As this tells Steve Mcintyres (Climate Audit) story with respect to dismantylying the hockey stick and the teeam, up to Copenhage last year. Andrew Montford was able to squeeze in a final chapther, on the climategate emails, which verified the history he had allready written, of Steve Mcintyres quest, with Michael Mann, the ‘team’ (CRU, Jones, etc) and RealClimate…

    Some of the commentors here are beyond parody, it is NOT a political issue. You can be sceptical of CAGW, and be on the LEFT, RIGHT, Centre ground of politics…

  113. Barry Woods says:

    Take a look at Futerra – A media PR company, specialising in all things ‘Climate Change since 2001..

    Are they:

    1) All part of a conspiracy, designed to bombard the media, and the elite with a world wide agenda of climate change propaganda, working to create a globalised worldorder ran by the UN

    OR

    2)Are they a group of media professionals that started a business, and have done very well, marketing, communicating the ‘IPCC’ climate change message to the media, public, UK governments, Greenpeace, etc.
    They started the busines because they are caring creative people that felt they should do something. They BELIEVE the fact that CAGW is real and dangerous….

    1) is a conspircay – too be laughed at,
    as the simple explanation 2) that produced the exact same result, just shows human nature..

    This is the point Tom is trying to get across.
    Yes, of course, there are now huge vested interest. but the majority of those you may find is actually big business, politicians jumping on the CAGW delusion bandwagon, to make money, or raise taxes..

    Futerra – The Rules of the Game,
    “Futerra and The UK Department for Environment published the Rules of the Game on 7 March 2005. The game is communicating climate change; the Rules will help us win it. The document was created as part of the UK Climate Change Communications Strategy.”

    was one of the documents leaked in the Climategate hack

    “Our audiences are
    emotional rather
    than rational.”

    A gem of a quote.. from Futera.
    http://www.futerra.co.uk/downloads/Branding_Biodiversity.pdf (latests buzz word)

    Now we have:

    ” Sell the Sizzle” – Futerra.

    http://www.futerra.co.uk/downloads/Sellthesizzle.pdf

    and to complement Rules of the Game,
    to change peoples behaviour.

    New Rules;New Game
    http://www.futerra.co.uk/downloads/NewRules_NewGame.pdf

    (Rules of the Game, was one of the leaked documents in the Climategare/CRU hack/leak/whistleblowing)

    Not forgeting – Words that Sell –
    Where did ‘Carbon Footprint’ come from, these guys focus grouped it.
    http://www.futerra.co.uk/revolution/leading_thinking

    Nice business to be in…
    Client list, includes BBC, UK Gov, UN Environment Program, etc
    http://www.futerra.co.uk/clients/

    The CAGW delusion, is NOT a hoax, scam, con, conspiracy….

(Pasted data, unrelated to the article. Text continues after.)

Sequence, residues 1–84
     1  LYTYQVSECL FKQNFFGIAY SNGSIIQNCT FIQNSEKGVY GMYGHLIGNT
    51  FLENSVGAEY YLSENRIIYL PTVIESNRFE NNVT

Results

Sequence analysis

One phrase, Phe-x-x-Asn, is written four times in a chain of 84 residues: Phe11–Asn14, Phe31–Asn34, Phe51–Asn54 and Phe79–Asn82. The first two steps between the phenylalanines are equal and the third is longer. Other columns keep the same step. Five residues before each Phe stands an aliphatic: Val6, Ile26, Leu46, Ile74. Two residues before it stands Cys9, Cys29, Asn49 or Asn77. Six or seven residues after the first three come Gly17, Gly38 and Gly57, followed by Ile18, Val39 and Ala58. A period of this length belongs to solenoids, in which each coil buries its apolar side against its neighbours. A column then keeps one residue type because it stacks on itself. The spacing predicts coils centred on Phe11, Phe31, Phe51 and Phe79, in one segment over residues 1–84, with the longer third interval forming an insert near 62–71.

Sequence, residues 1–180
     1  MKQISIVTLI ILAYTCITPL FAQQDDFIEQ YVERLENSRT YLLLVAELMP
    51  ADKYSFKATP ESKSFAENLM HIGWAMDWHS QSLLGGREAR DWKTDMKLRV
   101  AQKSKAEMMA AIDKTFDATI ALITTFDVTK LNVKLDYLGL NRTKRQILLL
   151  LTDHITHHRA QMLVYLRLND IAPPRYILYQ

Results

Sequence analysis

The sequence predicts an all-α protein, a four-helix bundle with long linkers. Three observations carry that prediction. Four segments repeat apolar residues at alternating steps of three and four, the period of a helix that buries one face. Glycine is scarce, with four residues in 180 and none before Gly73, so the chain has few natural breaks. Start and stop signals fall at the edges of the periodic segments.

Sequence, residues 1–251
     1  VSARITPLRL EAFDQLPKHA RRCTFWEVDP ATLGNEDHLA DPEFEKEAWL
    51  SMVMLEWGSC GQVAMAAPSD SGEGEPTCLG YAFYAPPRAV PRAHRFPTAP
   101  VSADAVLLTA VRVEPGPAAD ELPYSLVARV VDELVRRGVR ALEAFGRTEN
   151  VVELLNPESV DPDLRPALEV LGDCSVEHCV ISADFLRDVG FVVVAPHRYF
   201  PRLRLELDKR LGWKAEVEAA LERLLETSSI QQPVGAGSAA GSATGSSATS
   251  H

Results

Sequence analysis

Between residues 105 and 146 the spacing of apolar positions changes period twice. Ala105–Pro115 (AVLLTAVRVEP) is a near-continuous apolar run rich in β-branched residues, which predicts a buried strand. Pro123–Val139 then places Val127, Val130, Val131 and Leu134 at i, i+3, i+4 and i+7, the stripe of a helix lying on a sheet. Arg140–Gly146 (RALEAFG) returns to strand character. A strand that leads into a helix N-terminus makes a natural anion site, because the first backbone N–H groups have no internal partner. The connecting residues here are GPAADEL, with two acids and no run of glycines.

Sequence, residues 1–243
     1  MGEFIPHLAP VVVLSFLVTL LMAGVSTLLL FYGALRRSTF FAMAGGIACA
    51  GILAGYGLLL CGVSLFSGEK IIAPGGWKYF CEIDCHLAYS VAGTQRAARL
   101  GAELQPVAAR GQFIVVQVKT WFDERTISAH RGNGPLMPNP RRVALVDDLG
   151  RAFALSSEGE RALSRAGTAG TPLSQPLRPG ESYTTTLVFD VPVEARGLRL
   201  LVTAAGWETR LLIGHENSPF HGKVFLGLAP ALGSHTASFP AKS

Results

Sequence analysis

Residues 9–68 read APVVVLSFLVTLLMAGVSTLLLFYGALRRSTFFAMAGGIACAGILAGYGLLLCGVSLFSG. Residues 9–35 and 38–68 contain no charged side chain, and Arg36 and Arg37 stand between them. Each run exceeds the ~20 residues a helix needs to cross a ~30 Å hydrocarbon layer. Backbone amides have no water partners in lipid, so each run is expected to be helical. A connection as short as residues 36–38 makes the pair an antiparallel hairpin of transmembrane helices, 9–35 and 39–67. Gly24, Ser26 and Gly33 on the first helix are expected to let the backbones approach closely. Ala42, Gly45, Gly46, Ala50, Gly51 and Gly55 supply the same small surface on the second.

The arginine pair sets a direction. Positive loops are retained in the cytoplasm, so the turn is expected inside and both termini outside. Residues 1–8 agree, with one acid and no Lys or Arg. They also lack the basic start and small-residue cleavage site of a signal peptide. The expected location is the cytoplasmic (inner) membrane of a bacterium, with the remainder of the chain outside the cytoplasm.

It is MARKETING ! ;) ;)

  114. Bob Highland says:

    I think Tom’s right. There’s no need for a con*****cy, although there’s no doubt that many proponents of the AGW story do collude. Those who suggest a “bandwagon effect” are closer to the mark.

    My six decades involvement in the affairs of man have left me with a guiding principle for understanding the underlying realities of any situation – it’s called “Follow the money”.

    That is perhaps overly cynical in a situation where mankind’s emotions are involved as well as their wallets, so a kinder way of describing the group-think collective behind AGW is a “community of interest”. There’s something in it for all of them, which makes it easy for them to subscribe to each new twisted morsel of supposed “evidence” that we’re doomed unless we act NOW.

    Consider the actors in this drama, and what each has to gain from “belief”:

    1) Presidents, Prime Ministers, Dictators, Despots et al – the opportunity to elevate themselves from flawed mortals into statesmen, the saviours of all people, true leaders whose vision transcends mere national boundaries and encompasses the world. The Nobel Prize beckons, at least for those who haven’t prematurely received one.

    2) The U.N. – At last, the opportunity to be relevant and make its mark, with the possibility of garnering funds of its own, rather than having to beg for them from reluctant, corrupt, or bankrupt nations.

    3) Wealthy first-world nations – These people realise that there’s only so much of everything to go round, and it’s their leaders’ duty to make sure that they get the lion’s share of whatever’s going, to maintain the standard of living that their citizens perceive as a permanent right, not a privilege. In condemning increasing emissions of CO2, what they really mean is that poor nations should not get ideas above their station and aspire to catch up. They would like the residents of those benighted nations to be taught to appreciate their stone-age conditions and be ready to serve as a repository of carbon credits that richer folks can buy to avoid compromising their own standards.